Eritrea’s Mendelai (መንደላይ), Manhood & Cobra
Author and singer Melake Abraham’s song entitled Mendelay, with close to 3 million views on YouTube, popularized the word Mendelay. Mendelai ending in “ai” will be used throughout this article for reasons the reader will understand. Based on the lyrics, and an interview of the video producer Daniel Teame, Mendelai was used in its Tigrigna meaning of Cobra presenting the Eritrean soldier as mysterious creature as the dangerous snake, neck straight waiting ready to defend whoever comes to attack Eritrea (1). Driven by the war in northern Ethiopia in Tigray, the song was apparently prepared in haste in a tit-for-tat response to another controversial song released before it, calling for Tigray combatants to go and occupy the capital city of Eritrea. Be that as it may, Mendelai became, not only popular, but also a symbol of silent power. There, however, is more to Mendelai than the only version being popularized by the song.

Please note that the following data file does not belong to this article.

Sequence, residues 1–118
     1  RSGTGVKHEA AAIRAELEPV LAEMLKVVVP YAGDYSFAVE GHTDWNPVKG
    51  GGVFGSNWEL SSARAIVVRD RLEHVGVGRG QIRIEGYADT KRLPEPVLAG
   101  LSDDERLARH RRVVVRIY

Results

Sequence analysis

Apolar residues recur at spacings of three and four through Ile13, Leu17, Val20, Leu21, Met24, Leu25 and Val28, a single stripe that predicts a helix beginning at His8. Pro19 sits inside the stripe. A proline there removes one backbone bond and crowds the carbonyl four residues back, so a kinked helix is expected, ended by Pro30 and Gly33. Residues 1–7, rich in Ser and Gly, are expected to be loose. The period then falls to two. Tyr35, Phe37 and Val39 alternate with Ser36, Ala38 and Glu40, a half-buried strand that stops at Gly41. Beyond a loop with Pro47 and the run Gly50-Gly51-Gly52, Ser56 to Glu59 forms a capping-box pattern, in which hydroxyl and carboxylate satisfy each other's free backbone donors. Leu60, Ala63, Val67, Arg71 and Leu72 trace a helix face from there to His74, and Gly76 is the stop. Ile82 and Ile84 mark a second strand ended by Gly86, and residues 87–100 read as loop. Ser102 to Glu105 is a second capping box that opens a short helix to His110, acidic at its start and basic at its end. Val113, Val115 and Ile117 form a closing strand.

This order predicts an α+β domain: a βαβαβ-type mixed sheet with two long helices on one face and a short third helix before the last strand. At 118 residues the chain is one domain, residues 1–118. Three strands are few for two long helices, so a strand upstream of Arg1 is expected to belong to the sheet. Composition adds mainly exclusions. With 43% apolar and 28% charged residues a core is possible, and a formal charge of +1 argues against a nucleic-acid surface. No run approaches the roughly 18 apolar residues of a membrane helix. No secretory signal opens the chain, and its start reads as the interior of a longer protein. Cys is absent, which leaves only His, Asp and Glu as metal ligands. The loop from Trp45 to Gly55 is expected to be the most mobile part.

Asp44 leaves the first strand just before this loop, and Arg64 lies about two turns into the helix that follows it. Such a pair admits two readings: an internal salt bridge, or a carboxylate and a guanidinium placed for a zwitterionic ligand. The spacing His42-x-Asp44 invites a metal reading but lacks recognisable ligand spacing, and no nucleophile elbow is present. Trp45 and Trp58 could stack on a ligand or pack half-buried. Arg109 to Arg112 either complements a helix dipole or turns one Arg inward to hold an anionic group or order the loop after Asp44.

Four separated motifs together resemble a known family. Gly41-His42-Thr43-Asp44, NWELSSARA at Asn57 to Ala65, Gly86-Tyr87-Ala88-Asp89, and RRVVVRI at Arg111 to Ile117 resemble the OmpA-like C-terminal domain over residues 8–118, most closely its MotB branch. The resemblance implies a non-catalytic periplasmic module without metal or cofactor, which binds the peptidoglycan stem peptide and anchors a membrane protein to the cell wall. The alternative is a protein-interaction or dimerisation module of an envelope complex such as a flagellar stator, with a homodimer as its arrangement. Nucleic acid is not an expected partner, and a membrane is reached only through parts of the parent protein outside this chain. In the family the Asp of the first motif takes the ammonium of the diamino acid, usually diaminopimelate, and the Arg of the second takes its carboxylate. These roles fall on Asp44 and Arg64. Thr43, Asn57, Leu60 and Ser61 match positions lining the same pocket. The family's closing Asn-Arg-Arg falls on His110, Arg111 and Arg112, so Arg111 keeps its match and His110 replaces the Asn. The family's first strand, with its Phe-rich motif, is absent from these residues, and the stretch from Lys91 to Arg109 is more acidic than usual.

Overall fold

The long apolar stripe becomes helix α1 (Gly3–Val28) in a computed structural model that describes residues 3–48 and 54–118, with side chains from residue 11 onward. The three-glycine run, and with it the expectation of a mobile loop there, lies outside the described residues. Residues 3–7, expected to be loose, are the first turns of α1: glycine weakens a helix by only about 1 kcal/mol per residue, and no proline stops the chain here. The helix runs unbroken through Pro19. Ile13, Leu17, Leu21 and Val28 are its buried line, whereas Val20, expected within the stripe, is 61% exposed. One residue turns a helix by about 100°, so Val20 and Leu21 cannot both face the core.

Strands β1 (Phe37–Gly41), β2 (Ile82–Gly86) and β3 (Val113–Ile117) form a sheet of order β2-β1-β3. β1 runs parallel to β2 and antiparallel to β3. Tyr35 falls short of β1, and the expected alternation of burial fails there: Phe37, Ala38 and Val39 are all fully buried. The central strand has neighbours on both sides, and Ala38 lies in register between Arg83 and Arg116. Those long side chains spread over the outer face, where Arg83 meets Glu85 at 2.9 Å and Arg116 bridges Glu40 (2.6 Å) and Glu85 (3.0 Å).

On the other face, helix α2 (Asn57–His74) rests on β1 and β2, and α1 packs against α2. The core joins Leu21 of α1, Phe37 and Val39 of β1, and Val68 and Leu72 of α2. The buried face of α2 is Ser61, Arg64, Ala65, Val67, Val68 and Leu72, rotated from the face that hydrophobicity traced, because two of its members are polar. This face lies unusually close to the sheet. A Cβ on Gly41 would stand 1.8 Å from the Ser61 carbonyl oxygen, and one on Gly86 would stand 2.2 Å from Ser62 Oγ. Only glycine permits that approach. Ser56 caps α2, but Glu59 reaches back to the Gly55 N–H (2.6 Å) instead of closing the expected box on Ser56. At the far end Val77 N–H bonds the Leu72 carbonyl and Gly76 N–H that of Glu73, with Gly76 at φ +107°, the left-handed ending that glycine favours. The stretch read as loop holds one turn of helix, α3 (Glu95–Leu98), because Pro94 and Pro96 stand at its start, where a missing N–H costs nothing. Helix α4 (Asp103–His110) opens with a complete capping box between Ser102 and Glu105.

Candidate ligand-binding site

Eritrea is endowed with diverse traditions, cultures and history expressed in many languages, and with rich words (vocabularies) and expressions with different (multiple) meanings within the same language. Mendelai is such a word!
When the Italians colonized Eritrea, they monopolized everything, including the people, who became Italian subjects. They were studied, described from head to toe. They recounted their oral stories, traditions and history, to the delight of the curious Italians, who were registering everything said with pen and paper. The people posed for photography and paintings. Their activities became the curiosities of what the people considered the weirdo “unoccupied white”.
Among these curious Italians was the daring indefatigable lady, Rosalia Pianavia Vivaldi, a wife of an Italian official sent to Eritrea. She roamed her motherland’s new acquisition, camera at hand, from the coast of the red sea inland to the center, the west as well as south until Mekelle in Tigray (2). Her curiosity was insatiably measureless, her affection towards her blood and half-blood limitless, her disparaging expressions on the indigenous people boundless. Her usage of “little devils” referring to the little children following her was a curious mark of affection, if at all it was intended to be, as she recognized their intelligence, quick grasp and learning capacity. Nevertheless, she is one of those few, who documented so many activities and traditions in Eritrea to our delight and the chance of digging them out to the curiosity of the reader.